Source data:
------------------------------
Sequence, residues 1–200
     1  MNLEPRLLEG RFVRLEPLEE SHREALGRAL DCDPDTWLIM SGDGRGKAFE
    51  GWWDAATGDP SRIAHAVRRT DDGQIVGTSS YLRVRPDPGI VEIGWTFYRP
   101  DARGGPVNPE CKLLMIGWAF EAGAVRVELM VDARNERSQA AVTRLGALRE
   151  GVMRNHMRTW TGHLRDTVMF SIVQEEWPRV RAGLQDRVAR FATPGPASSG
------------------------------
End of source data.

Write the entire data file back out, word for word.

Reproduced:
Sequence, residues 1–200
     1  MNLEPRLLEG RFVRLEPLEE SHREALGRAL DCDPDTWLIM SGDGRGKAFE
    51  GWWDAATGDP SRIAHAVRRT DDGQIVGTSS YLRVRPDPGI VEIGWTFYRP
   101  DARGGPVNPE CKLLMIGWAF EAGAVRVELM VDARNERSQA AVTRLGALRE
   151  GVMRNHMRTW TGHLRDTVMF SIVQEEWPRV RAGLQDRVAR FATPGPASSG